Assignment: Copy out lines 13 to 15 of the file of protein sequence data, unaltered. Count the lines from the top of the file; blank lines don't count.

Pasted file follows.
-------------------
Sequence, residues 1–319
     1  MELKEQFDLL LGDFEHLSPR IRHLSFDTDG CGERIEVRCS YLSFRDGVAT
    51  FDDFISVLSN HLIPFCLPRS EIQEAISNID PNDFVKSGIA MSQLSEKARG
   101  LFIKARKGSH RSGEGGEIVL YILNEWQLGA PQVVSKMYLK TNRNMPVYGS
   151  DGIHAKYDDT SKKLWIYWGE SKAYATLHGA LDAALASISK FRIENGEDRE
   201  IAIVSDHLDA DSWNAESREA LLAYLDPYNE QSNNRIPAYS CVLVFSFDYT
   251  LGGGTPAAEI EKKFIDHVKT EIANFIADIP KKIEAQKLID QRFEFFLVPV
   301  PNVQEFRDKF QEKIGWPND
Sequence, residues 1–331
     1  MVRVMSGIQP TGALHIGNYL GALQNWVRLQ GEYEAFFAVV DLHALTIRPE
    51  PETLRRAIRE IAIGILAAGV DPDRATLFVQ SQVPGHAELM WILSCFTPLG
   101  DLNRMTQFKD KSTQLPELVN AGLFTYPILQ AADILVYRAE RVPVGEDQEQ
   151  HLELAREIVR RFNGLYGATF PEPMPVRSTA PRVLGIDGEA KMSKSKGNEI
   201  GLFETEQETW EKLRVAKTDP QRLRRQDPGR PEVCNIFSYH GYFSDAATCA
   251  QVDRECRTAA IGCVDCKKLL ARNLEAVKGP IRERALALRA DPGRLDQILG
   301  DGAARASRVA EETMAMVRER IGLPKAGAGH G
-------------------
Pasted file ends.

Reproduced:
   151  HLELAREIVR RFNGLYGATF PEPMPVRSTA PRVLGIDGEA KMSKSKGNEI
   201  GLFETEQETW EKLRVAKTDP QRLRRQDPGR PEVCNIFSYH GYFSDAATCA
   251  QVDRECRTAA IGCVDCKKLL ARNLEAVKGP IRERALALRA DPGRLDQILG